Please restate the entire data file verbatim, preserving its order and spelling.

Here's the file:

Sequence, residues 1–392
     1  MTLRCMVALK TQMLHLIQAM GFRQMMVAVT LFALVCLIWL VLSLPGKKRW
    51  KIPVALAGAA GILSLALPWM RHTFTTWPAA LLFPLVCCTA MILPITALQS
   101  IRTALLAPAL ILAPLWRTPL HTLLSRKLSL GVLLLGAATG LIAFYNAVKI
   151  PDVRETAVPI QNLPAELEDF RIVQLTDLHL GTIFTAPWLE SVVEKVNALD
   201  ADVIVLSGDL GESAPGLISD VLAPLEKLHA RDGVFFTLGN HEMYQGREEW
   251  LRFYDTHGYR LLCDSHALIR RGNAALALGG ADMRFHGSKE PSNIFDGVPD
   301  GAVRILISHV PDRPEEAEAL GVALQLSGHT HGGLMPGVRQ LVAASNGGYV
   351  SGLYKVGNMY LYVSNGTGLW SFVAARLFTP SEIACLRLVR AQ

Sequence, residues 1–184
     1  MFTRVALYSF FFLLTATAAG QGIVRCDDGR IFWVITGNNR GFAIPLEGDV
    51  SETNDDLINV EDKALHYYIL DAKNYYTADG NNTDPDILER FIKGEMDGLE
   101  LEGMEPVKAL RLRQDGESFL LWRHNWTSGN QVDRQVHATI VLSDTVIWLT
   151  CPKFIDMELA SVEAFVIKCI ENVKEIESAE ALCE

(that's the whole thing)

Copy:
Sequence, residues 1–392
     1  MTLRCMVALK TQMLHLIQAM GFRQMMVAVT LFALVCLIWL VLSLPGKKRW
    51  KIPVALAGAA GILSLALPWM RHTFTTWPAA LLFPLVCCTA MILPITALQS
   101  IRTALLAPAL ILAPLWRTPL HTLLSRKLSL GVLLLGAATG LIAFYNAVKI
   151  PDVRETAVPI QNLPAELEDF RIVQLTDLHL GTIFTAPWLE SVVEKVNALD
   201  ADVIVLSGDL GESAPGLISD VLAPLEKLHA RDGVFFTLGN HEMYQGREEW
   251  LRFYDTHGYR LLCDSHALIR RGNAALALGG ADMRFHGSKE PSNIFDGVPD
   301  GAVRILISHV PDRPEEAEAL GVALQLSGHT HGGLMPGVRQ LVAASNGGYV
   351  SGLYKVGNMY LYVSNGTGLW SFVAARLFTP SEIACLRLVR AQ

Sequence, residues 1–184
     1  MFTRVALYSF FFLLTATAAG QGIVRCDDGR IFWVITGNNR GFAIPLEGDV
    51  SETNDDLINV EDKALHYYIL DAKNYYTADG NNTDPDILER FIKGEMDGLE
   101  LEGMEPVKAL RLRQDGESFL LWRHNWTSGN QVDRQVHATI VLSDTVIWLT
   151  CPKFIDMELA SVEAFVIKCI ENVKEIESAE ALCE